I had a parent in my office the other day ask me for an example of an athlete of whom I was proud. Every example that came to mind were players who worked hard, who ground it out, who left it all on the gym floor when their careers were over. The athletes who got better every year, who found success—not because they were gifted by God with extraordinary athleticism or skill—but because they worked their butts off.
And why did they work so hard? Because they were in passionate pursuit of success. They wanted to be good more than working hard hurt. In a TEDtalk titled, Why You Will Fail to Have a Great Career, economics professor Larry Smith speaks to college students about why they won’t pursue their passions.
5 reasons our athletes may be sabotaging their success
- They don’t pursue their passion. Let’s say you coach a basketball team and have got three point guards. You’re a good coach, so you’re honest with them in terms of playing time. The athlete who’s third on your depth chart has a decision to make: is being the best point guard on your team worth her time and effort? Is she passionate about the position and her ability to lead a team? Will she fight, tooth and nail, to earn playing time and show the coaching staff that she’s worth their trust? Or will she give up? The passionate player won’t give up.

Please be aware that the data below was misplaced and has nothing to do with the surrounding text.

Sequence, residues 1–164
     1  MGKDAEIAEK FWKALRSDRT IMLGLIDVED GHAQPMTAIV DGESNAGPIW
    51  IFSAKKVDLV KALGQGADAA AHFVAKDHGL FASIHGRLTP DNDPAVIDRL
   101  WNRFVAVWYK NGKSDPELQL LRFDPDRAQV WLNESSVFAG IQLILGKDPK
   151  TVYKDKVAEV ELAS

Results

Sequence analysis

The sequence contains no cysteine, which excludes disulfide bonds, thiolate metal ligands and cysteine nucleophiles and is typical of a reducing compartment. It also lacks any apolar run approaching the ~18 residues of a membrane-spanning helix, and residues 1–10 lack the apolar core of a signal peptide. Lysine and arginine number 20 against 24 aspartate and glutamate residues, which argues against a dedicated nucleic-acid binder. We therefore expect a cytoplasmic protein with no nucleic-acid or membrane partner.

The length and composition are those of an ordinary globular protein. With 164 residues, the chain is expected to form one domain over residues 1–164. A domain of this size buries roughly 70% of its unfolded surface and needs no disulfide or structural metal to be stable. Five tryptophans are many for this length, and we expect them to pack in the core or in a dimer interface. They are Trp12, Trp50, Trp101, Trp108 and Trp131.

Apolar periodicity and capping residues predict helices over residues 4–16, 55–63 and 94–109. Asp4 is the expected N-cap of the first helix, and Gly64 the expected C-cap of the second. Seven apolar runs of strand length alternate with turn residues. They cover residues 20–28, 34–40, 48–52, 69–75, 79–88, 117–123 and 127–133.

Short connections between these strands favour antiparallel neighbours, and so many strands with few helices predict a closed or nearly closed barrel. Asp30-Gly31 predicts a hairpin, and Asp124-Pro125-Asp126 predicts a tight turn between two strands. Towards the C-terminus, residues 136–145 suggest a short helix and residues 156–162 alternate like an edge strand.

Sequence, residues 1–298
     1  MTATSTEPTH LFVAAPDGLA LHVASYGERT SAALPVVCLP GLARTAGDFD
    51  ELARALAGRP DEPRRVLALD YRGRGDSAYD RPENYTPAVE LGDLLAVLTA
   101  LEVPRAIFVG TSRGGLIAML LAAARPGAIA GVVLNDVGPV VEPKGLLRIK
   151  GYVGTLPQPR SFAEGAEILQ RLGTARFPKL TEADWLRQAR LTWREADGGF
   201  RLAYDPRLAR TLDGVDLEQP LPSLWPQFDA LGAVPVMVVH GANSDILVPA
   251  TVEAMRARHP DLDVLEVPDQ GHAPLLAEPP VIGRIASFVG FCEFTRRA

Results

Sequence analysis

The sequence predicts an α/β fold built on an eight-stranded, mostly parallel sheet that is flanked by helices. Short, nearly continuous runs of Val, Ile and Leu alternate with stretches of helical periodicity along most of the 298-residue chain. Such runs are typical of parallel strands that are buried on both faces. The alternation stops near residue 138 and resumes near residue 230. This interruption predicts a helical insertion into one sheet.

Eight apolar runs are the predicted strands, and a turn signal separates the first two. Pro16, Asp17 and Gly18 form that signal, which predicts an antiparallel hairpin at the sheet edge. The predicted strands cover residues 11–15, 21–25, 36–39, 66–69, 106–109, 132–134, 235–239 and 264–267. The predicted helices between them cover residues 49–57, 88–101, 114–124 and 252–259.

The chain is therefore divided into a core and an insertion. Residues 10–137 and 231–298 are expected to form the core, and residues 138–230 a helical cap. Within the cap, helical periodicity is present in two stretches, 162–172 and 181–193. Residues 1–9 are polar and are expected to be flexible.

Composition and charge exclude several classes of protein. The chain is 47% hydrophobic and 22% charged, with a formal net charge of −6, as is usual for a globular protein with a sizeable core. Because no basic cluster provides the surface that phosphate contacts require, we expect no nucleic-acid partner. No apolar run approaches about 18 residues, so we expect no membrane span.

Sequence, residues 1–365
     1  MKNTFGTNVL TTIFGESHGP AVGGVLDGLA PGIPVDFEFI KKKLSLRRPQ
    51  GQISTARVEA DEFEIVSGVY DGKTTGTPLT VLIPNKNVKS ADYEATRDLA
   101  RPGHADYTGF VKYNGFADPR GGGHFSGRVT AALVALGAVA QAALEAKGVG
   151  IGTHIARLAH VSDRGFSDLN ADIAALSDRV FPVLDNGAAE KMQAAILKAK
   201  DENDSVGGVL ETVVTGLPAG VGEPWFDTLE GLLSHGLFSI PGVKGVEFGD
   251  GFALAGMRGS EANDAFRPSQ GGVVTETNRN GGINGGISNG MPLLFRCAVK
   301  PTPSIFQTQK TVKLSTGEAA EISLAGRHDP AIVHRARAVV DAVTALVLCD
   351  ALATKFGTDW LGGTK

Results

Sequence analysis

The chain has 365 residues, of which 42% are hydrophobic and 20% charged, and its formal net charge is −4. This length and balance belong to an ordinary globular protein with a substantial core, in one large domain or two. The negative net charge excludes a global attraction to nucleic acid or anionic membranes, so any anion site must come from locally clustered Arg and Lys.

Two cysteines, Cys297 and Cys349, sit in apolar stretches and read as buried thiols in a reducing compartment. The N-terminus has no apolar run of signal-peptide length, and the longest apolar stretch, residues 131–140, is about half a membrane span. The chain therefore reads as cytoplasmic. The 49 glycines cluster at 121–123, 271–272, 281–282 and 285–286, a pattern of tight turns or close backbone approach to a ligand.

- Hard work won’t make them great. We tell our athletes that they’ve got to work hard in order to get good. So it makes sense that if they work really, really, really hard, they’ll become great, right? Smith says no. Without combining hard work with passion, greatness will always allude our players.
- Passion isn’t the same as interest. I think we sometimes make the mistake of assuming that all of our athletes are passionate about our sport, our program, and our team. I don’t think that’s always the case. When I was in college, I played with women who were naturally gifted to play volleyball: they were tall, athletic, and full of fast-twitch muscles. So they were interested in volleyball because they were good at volleyball…not because they were passionate about volleyball. That’s a big difference.
- Even noble excuses are just excuses. When a player isn’t truly passionate about their sport, they think up reasons that they aren’t able to continue playing. I’ve heard them all. They want to dedicate more time to their studies, they want to perform more community service, they want to participate in a particular internship, they’re transferring to be closer to their boyfriend (the worst!), yada, yada, yada. Those excuses sound great, and perhaps help them to sleep better at night, but I know the truth. They just didn’t have the passion and desire required to excel, so they gave up.
- They’re afraid to pursue their passions. Pursuing our passions means that we may fail and that’s scary.
We want those players who face their fears and shamelessly pursue success. We want a team full of folks who answer, “we want to win it all!” when asked what their goals are for the season. But saying it and doing it are two different things. For those who are committed to the hard work of making their passions a reality, success is surely on the horizon.